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The City Journals

Local business raises $200,000 for pain-relieving nanotech patch

Apr 26, 2019 12:14PM ● By Justin Adams

(Courtesy of Kailo Labs)

Like many innovations, the potential medical applications of the technology underlying Kailo pain patches was discovered by accident. 

In 2014, a Utah inventor developing a new antenna technology got into a motorcycle crash that broke six of his ribs. While lying in bed recovering, he continued to work on the antenna. That’s how he discovered that resting the technology on his chest helped alleviate his pain. 

That’s where Stuart Fetzer stepped into the scene. Fetzer, who received an engineering degree at the University of Utah before going on to Harvard Business School, licensed the use of the antenna technology for medical purposes and formed the company, Kailo Labs. 

The Kailo patch contains “billions of charge nanocapacitors that work as an antenna, assisting the body in clear communication and reducing the signals that cause pain,” according to the company’s page on Indiegogo. The product has raised over $200,000 on the crowd-funding platform in a manner of months—quite a bit more than the company’s initial goal of $25,000. The campaign is scheduled to run through May 9 but may be extended.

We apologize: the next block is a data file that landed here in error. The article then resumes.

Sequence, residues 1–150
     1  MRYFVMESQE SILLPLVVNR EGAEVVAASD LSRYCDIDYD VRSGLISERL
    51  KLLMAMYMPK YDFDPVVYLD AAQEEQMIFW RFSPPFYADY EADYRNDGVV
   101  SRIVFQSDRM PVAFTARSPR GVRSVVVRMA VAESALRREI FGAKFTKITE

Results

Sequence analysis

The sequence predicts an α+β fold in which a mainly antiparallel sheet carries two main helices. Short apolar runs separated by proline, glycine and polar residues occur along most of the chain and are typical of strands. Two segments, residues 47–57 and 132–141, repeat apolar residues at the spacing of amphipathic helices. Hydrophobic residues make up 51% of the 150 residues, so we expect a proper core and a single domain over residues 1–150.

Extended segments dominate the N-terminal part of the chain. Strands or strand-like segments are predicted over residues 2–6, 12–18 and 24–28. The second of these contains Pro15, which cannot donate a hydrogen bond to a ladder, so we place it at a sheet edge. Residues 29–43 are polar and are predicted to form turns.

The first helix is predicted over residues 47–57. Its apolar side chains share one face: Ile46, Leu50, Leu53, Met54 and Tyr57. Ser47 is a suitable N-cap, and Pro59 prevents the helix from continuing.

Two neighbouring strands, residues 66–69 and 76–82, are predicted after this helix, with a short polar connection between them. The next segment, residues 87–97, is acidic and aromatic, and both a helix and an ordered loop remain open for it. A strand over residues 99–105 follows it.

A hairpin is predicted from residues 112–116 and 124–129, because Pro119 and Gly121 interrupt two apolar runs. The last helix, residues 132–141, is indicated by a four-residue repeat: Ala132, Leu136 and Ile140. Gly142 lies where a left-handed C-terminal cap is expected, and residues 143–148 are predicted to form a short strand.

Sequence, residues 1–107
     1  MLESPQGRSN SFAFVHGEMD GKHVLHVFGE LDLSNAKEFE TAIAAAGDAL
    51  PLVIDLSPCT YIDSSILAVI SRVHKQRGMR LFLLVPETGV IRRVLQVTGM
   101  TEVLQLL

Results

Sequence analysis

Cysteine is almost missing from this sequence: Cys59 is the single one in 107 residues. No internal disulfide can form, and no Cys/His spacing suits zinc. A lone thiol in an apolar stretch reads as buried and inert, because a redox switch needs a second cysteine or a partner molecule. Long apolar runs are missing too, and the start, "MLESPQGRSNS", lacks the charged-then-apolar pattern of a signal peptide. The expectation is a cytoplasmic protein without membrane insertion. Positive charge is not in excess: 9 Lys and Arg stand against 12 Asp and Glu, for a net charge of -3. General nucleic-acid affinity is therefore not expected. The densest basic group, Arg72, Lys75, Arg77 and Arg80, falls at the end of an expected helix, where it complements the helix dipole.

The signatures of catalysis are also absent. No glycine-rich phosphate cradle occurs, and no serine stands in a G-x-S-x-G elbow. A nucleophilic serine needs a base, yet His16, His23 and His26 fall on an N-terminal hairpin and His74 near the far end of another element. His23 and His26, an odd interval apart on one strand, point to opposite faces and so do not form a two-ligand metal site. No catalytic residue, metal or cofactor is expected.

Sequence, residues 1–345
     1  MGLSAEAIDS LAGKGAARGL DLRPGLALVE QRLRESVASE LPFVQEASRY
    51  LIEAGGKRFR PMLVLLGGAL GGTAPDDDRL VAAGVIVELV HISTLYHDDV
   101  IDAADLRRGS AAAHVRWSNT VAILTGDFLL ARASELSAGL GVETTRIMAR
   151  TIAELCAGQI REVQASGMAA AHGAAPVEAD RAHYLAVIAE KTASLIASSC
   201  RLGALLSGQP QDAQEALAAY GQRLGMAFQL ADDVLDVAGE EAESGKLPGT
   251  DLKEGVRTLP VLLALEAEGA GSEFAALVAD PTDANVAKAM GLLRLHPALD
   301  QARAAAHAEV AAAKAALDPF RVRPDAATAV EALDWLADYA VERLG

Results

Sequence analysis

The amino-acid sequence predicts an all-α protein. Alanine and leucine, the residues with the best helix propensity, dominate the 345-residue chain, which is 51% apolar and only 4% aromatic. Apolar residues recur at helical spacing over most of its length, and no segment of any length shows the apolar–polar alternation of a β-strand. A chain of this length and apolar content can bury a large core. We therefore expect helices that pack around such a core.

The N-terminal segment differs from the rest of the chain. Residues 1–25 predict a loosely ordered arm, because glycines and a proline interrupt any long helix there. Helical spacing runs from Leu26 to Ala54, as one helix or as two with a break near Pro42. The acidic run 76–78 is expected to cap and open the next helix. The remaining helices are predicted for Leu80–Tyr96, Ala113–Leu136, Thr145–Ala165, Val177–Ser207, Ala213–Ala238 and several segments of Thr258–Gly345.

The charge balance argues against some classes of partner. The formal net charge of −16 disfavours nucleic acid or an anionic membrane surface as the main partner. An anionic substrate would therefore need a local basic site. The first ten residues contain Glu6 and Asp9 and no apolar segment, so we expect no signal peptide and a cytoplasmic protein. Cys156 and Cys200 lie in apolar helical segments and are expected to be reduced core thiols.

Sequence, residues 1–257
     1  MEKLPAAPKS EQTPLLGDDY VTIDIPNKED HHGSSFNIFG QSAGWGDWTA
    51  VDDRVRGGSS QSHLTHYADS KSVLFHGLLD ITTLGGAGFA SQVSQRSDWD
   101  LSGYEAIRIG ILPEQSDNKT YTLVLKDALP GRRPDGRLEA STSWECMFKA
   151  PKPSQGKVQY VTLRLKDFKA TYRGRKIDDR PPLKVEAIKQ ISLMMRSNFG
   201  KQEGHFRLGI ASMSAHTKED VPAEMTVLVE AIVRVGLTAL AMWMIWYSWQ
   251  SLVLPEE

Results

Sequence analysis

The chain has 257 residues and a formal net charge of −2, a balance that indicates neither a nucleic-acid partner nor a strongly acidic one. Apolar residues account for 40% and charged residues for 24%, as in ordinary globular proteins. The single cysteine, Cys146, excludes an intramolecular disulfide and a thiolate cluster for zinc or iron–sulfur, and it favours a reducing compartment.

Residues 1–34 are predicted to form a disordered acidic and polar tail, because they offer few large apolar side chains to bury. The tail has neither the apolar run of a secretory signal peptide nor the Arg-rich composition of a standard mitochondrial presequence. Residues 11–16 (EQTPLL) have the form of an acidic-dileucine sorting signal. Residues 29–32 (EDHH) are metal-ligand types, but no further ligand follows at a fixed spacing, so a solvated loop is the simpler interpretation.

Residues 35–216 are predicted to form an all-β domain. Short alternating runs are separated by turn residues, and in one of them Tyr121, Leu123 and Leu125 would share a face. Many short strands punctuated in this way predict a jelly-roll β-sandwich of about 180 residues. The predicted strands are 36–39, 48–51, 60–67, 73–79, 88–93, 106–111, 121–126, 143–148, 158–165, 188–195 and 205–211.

Kailo may seem like one of those products that makes big promises but is ultimately too good to be true, but Fetzer said the patch has performed very well in the company’s early testing.

According to Fetzer, 15 volunteer participants used both the Kailo patch and a placebo patch, separately, for 48 hours each. Ninety percent of respondents said the Kailo patch helped reduce their pain. 

This “double-blind” test is just the first in a long and expensive process for a product to be recognized by the FDA. The process could be even more expensive for Kailo because the product is so different from anything else out there. 

“We would have to have the FDA create a separate category for our device,” said Fetzer. 

Meanwhile, the company is set to roll the product out to its backers on Indiegogo (individuals who donate receive a discount) with shipments starting in July of this year. 

While the business potential of such a possibly game-changing device is obvious, Fetzer said what really drives him is seeing how Kailo has already helped improve people’s lives. 

“Sometimes it’s a little overwhelming, the number of people who cry after walking into my office and leaving without pain. It’s pretty life-changing,” he said. 

Visit their website to learn more.